Zechariah 8 Study Notes


8:1-8 The sermon now turns dramatically from judgment to blessing, from complete dispersion to total restoration. Spectacular blessings from God had already been proclaimed in the visions (1:16-17; 2:4-5,11-12; 3:9-10), but here they are enlarged, seeking to change the hearers’ perception of themselves. With the returnees barely existing in the land, Zechariah sought to energize them with the potential of becoming something magnificent, but it would occur only by an act of God (8:15).

8:2 The connection between a jealous God and a God of wrath is evident elsewhere in the Prophets (Ezk 16:38,42; Nah 1:2), suggesting that his deep desire for relationship was matched by decisive judgment against anything that would interfere—whether from within or without (Zch 1:18-21; 2:9; 5:4; 7:12-14; cp. Heb 12:4-11).

8:3 In a remarkable reversal, God announced restoration instead of the dispersion just announced (7:14). Language of reversal is common in the Prophets (Ezk 16:59-60; Am 9:1-4,8-9,11-14). Whether announcing judgment or blessing, the object was the same—to enforce the covenant and encourage obedience. In the Prophets, Jerusalem was generally the centerpiece of God’s blessing, with special emphasis on the Holy Mountain (Is 2:2-3; Mc 4:1-5). Calling Jerusalem the Faithful City was another reversal; it had previously been referred to as a harlot (Is 1:21; Jr 3:1-2; Lm 1:8-9).

8:4-5 In times of hostility a city’s population could be decimated and the streets made unsafe, with the young and old being the first to suffer. The scene here offers an idyllic alternative.

8:6 Though the impossible blessings described may stagger the imagination, since God was the designer they were not too much to hope for (Jr 32:17,27). Several Hebrew terms suggest an allusion to Sarah’s equally incredible experience—a miraculous pregnancy after years of barrenness (Gn 18:13-14). The reference to the remnant identifies the returnees as the true community of restoration, as promised in the Prophets (Is 10:21-22; 11:11,16; Jr 23:3).

8:7-8 They will be my people, and I will be their . . . God indicates full restoration of the covenant relationship, in contrast to God’s stunning declaration, “You are not my people, and I will not be your God” (Hs 1:9).

8:9 Zechariah’s sermon was presented approximately halfway between laying the foundation and the completion of the temple. Let your hands be strong (cp. v. 13; Hg 2:4) suggests that the sermon included encouragement for persistence in the work of rebuilding.

8:10-11 Determination was necessary under harsh conditions. Prior to those days means before laying the foundation of the temple.

8:12 Everything the returnees could have hoped for was addressed in this sermon, which was rich with blessings (cp. Ezk 34:25-29). The peace . . . fruit . . . produce, and dew were the opposite of their experience in the land during the previous two decades (Hg 1:6-11; 2:15-19).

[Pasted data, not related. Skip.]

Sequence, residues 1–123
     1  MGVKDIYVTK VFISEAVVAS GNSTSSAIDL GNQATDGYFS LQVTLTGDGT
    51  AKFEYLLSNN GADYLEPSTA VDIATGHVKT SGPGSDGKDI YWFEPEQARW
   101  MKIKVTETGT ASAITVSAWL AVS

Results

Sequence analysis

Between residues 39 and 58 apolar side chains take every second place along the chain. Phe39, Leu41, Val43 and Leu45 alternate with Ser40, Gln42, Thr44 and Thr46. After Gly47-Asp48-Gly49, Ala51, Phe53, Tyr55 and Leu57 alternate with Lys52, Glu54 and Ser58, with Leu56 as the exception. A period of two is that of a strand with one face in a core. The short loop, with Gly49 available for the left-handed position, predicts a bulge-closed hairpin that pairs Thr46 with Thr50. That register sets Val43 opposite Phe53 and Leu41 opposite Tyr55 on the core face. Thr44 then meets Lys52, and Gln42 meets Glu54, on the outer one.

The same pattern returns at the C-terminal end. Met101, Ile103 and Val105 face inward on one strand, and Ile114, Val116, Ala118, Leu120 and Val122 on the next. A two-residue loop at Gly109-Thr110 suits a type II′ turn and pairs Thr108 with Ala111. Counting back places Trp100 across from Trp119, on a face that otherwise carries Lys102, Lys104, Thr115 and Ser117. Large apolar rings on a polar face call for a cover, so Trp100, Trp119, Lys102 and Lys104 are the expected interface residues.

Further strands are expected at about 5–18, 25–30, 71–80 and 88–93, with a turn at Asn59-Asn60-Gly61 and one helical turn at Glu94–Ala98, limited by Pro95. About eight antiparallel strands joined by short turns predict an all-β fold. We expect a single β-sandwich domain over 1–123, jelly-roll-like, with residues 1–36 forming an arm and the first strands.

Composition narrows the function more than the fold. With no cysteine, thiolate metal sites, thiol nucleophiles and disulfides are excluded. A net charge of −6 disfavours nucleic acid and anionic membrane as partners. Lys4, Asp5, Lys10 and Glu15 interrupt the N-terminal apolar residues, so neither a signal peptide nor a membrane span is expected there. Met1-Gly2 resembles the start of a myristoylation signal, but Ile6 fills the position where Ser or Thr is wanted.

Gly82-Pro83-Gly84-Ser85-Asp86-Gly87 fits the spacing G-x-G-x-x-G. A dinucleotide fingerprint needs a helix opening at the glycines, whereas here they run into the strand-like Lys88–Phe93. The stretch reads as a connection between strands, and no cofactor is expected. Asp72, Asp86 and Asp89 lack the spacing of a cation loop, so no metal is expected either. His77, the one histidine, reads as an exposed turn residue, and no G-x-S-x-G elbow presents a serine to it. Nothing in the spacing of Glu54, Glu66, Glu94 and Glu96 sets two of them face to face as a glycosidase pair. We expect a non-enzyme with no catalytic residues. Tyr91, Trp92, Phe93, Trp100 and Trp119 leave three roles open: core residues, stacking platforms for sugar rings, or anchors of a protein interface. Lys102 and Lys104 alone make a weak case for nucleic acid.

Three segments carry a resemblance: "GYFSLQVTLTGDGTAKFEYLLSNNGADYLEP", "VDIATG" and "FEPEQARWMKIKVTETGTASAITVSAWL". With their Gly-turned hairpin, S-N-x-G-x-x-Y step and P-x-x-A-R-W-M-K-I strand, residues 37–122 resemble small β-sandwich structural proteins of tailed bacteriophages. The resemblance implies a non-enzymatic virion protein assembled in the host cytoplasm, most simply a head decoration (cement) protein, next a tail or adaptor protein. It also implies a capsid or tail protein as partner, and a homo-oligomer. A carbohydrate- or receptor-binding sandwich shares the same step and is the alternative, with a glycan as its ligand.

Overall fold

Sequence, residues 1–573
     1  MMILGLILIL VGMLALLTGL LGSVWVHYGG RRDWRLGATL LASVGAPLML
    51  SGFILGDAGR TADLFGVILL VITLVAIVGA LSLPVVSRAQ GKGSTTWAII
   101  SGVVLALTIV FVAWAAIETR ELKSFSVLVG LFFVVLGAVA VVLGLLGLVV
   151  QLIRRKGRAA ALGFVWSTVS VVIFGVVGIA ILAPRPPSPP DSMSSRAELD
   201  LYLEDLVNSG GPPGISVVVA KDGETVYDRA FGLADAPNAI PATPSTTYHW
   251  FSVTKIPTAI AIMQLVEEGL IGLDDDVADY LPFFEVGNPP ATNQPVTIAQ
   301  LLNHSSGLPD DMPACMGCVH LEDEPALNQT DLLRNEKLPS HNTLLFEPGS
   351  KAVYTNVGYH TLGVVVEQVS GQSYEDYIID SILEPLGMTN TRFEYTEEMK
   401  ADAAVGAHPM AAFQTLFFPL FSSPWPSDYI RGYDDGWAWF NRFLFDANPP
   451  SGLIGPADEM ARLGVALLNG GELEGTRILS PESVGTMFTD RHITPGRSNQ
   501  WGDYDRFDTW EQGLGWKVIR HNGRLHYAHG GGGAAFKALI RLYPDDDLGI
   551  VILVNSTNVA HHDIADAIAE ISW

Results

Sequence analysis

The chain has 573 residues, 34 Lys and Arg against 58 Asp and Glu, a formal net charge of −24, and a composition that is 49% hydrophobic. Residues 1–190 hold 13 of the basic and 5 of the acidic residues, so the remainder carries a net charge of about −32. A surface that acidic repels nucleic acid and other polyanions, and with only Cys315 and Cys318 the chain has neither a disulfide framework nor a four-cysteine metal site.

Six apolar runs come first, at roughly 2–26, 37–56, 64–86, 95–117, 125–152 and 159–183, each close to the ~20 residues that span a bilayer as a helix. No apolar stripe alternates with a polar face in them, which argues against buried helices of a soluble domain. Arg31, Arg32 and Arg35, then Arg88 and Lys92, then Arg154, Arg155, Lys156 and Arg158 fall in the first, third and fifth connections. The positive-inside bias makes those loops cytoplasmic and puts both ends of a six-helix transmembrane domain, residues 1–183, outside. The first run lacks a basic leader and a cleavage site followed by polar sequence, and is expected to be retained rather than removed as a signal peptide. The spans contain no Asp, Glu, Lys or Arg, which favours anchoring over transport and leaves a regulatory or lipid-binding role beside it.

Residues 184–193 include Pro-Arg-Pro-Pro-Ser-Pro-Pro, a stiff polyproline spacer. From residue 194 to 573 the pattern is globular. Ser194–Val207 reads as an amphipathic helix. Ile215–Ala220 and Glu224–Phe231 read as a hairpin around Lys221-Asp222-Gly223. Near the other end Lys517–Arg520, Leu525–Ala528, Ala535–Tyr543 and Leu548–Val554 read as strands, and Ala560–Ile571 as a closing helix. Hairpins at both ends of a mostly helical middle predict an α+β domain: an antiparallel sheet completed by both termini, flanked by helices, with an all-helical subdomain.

8:13-15 By referring to them as house of Judah and house of Israel Zechariah taught that the postexilic community represented the whole covenant people. The exhortation let your hands be strong also begins v. 9. They could be encouraged because God’s resolve to do them good was as certain as was his resolve to do them harm previously.


Hebrew word [kah TSAFF]
CSB translation be angry, enraged, provoke to anger
Uses in Zechariah 4
Uses in the OT 34
Focus passage Zechariah 8:14

Qatsaph means be angry (Gn 40:2). People are furious (Nm 31:14), enraged (Is 8:21), or infuriated (Est 2:21). God grows angry (Dt 1:34), directs fierce anger (Dt 9:19), or vents wrath (Nm 16:22). The causative verb denotes provoke (Dt 9:7), provoke to anger (Zch 8:14), or anger (Ps 106:32). Qetseph (28x) signifies divine wrath (21x, Nm 18:5) or anger (Is 54:8) and twice indicates human anger (Ec 5:17) or fury (Est 1:18). Qatsaph with qetseph implies being extremely angry (Zch 1:2). While Zch 1:15 mentions being a little angry, this root seems one of the strongest words for anger. Qetseph is synonymous with chemah (“wrath, fury”), but in a pair or series qetseph appears last, sometimes modified by “great,” as the most intense word: God uprooted people in his anger, fury, and great wrath (Dt 29:28). Aramaic counterparts of the verb (Dn 2:12) and noun (Ezr 7:23) occur.

8:16-17 The terms of the covenant made it clear that people determine their own destiny, while God responds accordingly (Jr 18:7-10). These are the things you must do reveals that the function of the sermon was more than simply rebuilding the walls (v. 9). In order for the returnees to enjoy the incredible blessings that God offered, they would need to obey the covenant’s standard of social justice (7:8-10). In Eph 4:25 Paul quotes Zch 8:16 as an exhortation to NT believers.

8:18-19 In response to the question that initiated the sermon—whether it was necessary to continue fasting and mourning the destruction of Jerusalem (7:3,5)—the Lord announced a reversal. Fasts of lamentation were to be transformed into times of joy, gladness, and cheerful festivals.

8:20-22 The idea that residents of many cities of the world would come to Jerusalem is well attested in the OT (2:11; 14:16-19; 2Sm 22:45-46; 1Kg 10:23-25; 2Ch 9:22-24; Is 2:2-3; 27:13; 45:20; 60:3). As with Solomon, such an ingathering was a sign of greatness, both of Jerusalem and of God’s presence. The image was a fitting conclusion to Zechariah’s sermon. The seemingly insignificant city of Jerusalem was now seen as the most important city in the world.

8:23 In the ancient Near East, grabbing the hem of a garment was an act of submission and supplication. Since the Israelites spent years under foreign domination, to have Gentiles show submission to them would be an astonishing reversal (Gn 27:29).